Commit to calling a minimum of a dozen franchisees (15 would be better), and visit at least one franchise owner in-person. And make sure you do your best to get to know them.

That means talking to them about their lives. Finding out what they’re getting out of owning the franchise business you may want to own too.

Then, when the time is right, you can ask them about their revenues and profits.

And if you ask them nicely, in a conversational tone, I promise you’ll get the information you need to make an intelligent, fact-based yes or no decision on the franchise you’re looking to buy.


Not Franchise Due Diligence

There’s no way for me to sugarcoat this.

If you’re only looking at numbers, you’re not doing thorough franchise due diligence. You’re doing a disservice to yourself. I’ll explain.

A few years ago, I talked with a potential client who told me the following:

Joel, I’m going to look at 3 restaurant franchises. I’ll get the numbers from each of them, and whatever franchise has the best ROI (Return On Investment), that’s the one I’m going to buy.”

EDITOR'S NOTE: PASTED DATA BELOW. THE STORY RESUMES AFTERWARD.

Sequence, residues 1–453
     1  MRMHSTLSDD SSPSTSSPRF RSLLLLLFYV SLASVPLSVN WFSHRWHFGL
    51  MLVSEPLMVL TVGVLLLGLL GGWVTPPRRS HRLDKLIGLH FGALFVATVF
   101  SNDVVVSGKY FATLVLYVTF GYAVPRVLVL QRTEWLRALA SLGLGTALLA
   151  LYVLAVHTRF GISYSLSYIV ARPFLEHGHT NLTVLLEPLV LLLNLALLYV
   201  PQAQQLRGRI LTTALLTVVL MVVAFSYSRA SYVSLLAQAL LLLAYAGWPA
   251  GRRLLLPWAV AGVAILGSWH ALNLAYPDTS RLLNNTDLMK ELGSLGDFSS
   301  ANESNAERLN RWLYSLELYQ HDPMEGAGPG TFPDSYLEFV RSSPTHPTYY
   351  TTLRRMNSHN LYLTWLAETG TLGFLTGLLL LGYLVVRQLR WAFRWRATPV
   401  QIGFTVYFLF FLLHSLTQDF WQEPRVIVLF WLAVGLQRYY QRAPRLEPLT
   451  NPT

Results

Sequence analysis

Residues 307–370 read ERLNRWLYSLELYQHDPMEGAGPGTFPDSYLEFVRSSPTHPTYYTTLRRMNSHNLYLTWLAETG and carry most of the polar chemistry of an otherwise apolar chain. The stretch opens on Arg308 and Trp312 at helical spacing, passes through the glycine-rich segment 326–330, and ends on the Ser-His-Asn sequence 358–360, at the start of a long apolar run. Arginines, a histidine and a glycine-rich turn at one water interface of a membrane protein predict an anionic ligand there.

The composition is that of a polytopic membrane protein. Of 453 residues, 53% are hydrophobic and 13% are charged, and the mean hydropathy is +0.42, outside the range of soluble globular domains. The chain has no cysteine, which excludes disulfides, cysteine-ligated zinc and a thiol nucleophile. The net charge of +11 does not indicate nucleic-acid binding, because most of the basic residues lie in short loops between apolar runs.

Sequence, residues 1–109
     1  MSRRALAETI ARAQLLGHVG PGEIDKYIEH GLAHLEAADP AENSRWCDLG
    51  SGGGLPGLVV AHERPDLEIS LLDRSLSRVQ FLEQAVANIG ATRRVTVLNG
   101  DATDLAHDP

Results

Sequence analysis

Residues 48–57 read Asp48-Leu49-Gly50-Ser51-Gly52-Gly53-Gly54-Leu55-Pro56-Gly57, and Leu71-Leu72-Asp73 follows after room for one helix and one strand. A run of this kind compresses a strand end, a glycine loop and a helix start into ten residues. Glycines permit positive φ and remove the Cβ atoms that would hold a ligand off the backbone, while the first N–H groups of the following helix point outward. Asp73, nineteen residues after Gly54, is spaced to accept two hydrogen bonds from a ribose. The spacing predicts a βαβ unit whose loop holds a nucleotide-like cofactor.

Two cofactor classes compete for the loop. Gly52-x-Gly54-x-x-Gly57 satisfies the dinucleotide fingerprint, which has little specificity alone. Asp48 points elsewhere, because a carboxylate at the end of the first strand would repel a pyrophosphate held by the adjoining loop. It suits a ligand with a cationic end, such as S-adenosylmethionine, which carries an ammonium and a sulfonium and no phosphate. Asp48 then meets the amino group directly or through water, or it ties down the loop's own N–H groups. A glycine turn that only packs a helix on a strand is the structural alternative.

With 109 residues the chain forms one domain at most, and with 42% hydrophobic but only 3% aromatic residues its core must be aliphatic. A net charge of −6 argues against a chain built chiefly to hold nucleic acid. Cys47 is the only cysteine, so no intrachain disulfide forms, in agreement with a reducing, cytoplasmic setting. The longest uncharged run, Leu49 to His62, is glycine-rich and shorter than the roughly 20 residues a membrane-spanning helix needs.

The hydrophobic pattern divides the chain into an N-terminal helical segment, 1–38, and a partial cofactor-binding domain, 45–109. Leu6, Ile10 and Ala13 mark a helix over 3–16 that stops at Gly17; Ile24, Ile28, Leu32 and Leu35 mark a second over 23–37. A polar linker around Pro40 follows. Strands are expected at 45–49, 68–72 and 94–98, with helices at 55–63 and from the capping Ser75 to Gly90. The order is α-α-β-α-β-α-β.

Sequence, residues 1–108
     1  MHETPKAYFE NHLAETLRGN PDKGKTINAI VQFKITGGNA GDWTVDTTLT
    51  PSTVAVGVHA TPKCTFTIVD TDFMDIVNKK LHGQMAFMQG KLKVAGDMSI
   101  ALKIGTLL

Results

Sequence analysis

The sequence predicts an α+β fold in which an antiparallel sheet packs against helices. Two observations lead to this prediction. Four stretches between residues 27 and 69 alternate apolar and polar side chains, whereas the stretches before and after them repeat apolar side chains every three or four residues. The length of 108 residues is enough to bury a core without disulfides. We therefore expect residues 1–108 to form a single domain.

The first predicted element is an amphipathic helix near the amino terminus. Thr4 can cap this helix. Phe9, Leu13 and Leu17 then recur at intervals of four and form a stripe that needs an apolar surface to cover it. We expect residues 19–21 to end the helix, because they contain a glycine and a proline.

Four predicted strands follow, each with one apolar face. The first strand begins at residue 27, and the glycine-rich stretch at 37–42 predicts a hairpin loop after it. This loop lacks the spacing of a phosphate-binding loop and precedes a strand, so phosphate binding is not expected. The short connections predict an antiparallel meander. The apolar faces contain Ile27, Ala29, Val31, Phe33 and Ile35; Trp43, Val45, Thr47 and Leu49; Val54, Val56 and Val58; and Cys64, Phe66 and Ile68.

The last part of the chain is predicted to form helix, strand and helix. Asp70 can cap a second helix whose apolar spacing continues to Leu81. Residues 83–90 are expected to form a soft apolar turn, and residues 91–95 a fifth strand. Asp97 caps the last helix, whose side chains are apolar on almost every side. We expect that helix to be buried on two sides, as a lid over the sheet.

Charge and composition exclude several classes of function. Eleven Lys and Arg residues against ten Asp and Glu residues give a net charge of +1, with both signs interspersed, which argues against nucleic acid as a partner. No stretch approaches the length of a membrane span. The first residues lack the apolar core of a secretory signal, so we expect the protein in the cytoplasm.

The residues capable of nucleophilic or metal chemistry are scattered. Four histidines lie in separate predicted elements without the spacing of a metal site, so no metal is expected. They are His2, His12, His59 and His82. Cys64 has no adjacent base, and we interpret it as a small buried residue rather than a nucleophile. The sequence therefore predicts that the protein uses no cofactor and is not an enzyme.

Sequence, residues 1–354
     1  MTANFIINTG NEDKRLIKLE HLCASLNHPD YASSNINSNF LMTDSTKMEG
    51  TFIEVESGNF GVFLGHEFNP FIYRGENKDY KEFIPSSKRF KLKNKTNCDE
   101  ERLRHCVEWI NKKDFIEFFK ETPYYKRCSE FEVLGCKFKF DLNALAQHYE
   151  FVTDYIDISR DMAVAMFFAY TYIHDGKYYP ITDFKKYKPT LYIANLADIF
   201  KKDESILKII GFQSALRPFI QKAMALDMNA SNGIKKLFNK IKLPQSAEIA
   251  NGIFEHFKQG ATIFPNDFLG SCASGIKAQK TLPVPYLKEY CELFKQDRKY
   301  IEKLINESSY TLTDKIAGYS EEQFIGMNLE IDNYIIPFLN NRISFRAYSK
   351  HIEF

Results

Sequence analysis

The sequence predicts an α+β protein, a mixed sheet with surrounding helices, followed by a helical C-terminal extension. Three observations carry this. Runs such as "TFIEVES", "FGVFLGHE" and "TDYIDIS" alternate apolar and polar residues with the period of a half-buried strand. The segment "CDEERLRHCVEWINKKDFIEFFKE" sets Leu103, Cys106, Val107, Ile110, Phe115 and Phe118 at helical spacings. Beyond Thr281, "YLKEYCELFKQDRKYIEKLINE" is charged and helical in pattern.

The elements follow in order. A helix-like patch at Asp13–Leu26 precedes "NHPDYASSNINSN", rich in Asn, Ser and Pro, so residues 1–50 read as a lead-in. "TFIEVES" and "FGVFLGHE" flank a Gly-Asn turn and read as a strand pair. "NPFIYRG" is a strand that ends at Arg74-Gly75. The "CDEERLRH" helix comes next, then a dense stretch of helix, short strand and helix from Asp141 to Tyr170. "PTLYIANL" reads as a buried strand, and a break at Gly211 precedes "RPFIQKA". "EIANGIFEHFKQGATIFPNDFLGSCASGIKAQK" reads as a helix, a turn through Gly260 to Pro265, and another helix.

At first glance, you feel this person is on the right track. After all, who doesn’t want to make the most money possible?

But what if the franchise you’re interested in buying (the one with the highest ROI) happens to have a bunch of unhappy, miserable franchisees?

I’m talking about franchisees who are making good money but aren’t happy with the way things are going. As in, extremely unhappy franchisees.

What would you do?

Would you still buy the franchise with “the best numbers?”